What is wrong with this and how do I fix it?
Thanks.

template<typename T>
class Array
{
    public:
	Array(unsigned arraySize):
		data(0), size(arraySize)
	{
		if (size > 0)
			data = new T[size);
	}
	~Array()
	{
		if (data) delete[] data;
	}

	void setValue(unsigned index, const T& value)
	{
		if (index < size)
			data[index] = value;
	}

	T getValue(unsigned index) const
	{
		if (index < size)
			return data[index];
		else
			return T();
	}

    private: T* data;
             unsigned size;
};

If you don't even know what's wrong with the code, why are you posting it here? Compile it and find out.

If you don't even know what's wrong with the code, why are you posting it here? Compile it and find out.

I don't have a compiler. There's a lot riding on this.

>> I don't have a compiler.

Get a compiler. They're free. How are you going to test whatever answers you get from here without a compiler?

Without compiling I see on line # 9 you have used T[size) instead of T.

You're right, that's a typo (on my part) but that's not it. The person who gave me
this on paper claims there's a MAJOR error in it that can be fixed one of 4 ways.

I'm not too sure how much I should say. This post reeks of a homework assignment to me.

I have a feeling that this would be difficult to compile because the declaration is upside-down. Your function implementations are attempting to use member variables before they are declared, which could lead to "undeclared identifier" errors.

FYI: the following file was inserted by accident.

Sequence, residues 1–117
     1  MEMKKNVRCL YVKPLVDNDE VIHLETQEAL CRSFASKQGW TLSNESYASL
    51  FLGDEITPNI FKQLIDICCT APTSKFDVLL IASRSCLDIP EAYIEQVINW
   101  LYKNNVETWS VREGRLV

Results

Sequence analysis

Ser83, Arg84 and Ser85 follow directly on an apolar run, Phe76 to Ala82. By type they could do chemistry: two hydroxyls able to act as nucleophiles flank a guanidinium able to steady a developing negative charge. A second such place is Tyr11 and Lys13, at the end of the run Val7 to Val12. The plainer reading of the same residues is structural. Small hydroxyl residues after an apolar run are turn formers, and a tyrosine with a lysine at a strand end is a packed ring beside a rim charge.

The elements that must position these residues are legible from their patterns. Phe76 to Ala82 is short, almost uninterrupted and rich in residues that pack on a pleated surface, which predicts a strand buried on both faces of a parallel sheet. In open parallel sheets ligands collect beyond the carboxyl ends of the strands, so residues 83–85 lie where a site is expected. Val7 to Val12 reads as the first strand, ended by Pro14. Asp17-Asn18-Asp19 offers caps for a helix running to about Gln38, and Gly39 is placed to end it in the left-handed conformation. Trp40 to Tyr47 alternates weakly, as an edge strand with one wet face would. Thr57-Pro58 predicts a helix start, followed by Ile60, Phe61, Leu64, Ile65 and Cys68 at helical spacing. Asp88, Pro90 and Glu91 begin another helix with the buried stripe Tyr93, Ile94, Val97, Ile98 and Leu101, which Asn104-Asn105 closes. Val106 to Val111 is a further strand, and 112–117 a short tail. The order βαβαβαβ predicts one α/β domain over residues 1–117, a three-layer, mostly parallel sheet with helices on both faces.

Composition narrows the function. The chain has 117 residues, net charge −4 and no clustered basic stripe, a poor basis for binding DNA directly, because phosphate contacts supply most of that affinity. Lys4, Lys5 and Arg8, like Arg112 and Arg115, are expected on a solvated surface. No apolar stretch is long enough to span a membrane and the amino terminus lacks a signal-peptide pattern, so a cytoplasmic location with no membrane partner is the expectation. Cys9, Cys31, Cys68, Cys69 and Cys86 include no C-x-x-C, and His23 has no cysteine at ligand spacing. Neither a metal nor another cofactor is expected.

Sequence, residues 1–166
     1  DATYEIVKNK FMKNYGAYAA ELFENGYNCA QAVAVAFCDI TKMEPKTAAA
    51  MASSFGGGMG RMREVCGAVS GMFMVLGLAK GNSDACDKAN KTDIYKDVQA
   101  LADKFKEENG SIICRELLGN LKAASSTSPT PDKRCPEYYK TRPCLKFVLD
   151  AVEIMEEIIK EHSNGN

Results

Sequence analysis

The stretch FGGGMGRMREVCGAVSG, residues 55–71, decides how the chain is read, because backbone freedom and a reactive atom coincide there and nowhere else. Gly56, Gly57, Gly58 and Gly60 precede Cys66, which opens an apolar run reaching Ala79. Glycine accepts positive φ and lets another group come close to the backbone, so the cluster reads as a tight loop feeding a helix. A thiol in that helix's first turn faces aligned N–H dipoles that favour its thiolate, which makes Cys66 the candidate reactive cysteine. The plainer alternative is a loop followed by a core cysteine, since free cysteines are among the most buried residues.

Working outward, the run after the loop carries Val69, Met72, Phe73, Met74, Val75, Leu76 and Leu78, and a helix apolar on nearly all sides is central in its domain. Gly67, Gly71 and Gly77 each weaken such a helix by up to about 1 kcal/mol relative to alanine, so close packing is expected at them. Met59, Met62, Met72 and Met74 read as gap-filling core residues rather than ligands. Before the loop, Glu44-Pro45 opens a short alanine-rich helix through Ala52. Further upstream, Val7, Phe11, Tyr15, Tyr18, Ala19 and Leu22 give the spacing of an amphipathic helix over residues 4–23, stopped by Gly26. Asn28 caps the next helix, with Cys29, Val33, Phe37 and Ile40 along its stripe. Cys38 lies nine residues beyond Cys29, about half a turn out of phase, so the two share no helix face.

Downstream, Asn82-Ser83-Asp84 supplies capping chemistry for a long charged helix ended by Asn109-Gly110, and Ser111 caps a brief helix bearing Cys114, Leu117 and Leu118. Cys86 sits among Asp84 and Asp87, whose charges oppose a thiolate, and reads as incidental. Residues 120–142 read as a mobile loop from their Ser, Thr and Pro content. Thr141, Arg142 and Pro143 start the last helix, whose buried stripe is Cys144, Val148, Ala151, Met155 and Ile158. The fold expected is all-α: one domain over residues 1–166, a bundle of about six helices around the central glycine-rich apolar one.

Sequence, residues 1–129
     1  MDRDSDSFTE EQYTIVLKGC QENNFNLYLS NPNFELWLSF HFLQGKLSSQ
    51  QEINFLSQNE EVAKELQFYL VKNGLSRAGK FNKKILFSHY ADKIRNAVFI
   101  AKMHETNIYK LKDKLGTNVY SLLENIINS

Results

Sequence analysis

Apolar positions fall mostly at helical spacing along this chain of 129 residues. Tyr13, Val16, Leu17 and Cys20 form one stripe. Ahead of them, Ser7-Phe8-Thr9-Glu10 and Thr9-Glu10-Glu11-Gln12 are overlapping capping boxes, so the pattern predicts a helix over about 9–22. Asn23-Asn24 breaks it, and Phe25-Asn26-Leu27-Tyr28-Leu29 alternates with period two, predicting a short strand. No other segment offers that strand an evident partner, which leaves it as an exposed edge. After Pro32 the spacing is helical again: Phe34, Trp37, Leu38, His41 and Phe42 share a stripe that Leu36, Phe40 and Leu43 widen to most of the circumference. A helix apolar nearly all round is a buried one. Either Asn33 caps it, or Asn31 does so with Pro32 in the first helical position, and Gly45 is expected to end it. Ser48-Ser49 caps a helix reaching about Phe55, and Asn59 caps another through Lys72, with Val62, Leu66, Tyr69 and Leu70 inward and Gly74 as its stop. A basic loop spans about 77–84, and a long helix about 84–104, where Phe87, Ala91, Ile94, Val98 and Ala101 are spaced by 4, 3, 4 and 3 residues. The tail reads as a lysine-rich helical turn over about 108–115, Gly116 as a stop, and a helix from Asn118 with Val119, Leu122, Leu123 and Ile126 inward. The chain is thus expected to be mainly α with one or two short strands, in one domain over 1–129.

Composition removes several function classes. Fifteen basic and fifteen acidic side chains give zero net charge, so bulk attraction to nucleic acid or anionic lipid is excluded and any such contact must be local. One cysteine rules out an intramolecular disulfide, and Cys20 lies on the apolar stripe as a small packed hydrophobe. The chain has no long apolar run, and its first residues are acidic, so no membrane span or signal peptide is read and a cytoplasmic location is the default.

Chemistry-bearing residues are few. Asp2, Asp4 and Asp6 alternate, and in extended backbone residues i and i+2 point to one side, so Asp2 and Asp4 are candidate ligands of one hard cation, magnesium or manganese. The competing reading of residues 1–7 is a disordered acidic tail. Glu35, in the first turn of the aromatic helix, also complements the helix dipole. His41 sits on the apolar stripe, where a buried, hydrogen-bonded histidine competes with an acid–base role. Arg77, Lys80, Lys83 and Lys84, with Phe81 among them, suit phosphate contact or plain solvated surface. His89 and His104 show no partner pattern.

>> I have a feeling that this would be difficult to compile because the declaration is upside-down.

It's also difficult to compile without a compiler!

I'm not too sure how much I should say. This post reeks of a homework assignment to me.

I have a feeling that this would be difficult to compile because the declaration is upside-down. Your function implementations are attempting to use member variables before they are declared, which could lead to "undeclared identifier" errors.

Not a homework assignment.

>> I have a feeling that this would be difficult to compile because the declaration is upside-down.

It's also difficult to compile without a compiler!

I'm not saying it's not.

But the upside-down nature could be part of the problem for "the person who gave" the OP this code.

>> I'm not saying it's not.

My comment was aimed at the OP, in a "teach someone to fish" general comment rather than a comment on this particular problem. Without a compiler, it's pointless to to try to figure out what's wrong since the entire process requires changing things, recompiling, etc.

Since I'd already made that point earlier, though, I probably didn't need to post it as a response to your comment.

Comments
no worries :)
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